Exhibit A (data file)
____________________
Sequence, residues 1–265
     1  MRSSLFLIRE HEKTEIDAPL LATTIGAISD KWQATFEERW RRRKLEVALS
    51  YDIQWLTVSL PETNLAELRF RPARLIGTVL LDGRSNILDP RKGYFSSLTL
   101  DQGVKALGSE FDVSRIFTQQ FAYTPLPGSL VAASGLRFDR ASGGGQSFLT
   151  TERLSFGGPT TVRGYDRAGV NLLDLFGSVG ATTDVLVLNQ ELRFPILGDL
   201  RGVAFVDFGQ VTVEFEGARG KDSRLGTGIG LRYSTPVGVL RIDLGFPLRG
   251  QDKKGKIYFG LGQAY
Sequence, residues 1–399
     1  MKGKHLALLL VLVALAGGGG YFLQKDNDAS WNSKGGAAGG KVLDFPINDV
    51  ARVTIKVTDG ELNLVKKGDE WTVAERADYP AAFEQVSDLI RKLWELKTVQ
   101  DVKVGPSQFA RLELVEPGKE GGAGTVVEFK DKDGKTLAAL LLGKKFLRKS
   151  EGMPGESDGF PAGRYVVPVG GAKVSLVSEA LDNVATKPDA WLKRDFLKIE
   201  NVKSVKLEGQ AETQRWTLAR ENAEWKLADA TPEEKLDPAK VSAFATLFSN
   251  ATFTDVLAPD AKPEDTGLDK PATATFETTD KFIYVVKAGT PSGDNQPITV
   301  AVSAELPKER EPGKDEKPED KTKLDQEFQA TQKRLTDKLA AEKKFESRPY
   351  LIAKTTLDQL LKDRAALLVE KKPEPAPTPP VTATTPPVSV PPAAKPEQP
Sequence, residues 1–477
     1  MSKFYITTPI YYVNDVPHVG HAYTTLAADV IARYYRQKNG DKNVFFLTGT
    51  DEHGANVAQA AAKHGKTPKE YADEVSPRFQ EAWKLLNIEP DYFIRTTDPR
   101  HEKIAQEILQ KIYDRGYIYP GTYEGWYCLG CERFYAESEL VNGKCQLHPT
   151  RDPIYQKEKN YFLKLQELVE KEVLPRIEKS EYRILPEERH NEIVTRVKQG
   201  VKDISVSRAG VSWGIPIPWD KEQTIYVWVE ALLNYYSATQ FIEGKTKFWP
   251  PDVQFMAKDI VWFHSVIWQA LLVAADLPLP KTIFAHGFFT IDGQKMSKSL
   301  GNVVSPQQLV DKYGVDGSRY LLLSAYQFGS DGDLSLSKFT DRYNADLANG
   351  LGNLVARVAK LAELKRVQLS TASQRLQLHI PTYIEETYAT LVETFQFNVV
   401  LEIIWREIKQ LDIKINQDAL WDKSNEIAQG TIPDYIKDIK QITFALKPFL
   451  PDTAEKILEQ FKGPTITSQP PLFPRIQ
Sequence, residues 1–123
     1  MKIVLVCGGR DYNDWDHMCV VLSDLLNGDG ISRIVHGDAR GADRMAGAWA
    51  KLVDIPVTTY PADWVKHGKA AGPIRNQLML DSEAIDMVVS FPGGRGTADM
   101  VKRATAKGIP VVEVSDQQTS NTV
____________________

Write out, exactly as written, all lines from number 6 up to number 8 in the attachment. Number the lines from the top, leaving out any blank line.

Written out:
   201  RGVAFVDFGQ VTVEFEGARG KDSRLGTGIG LRYSTPVGVL RIDLGFPLRG
   251  QDKKGKIYFG LGQAY
Sequence, residues 1–399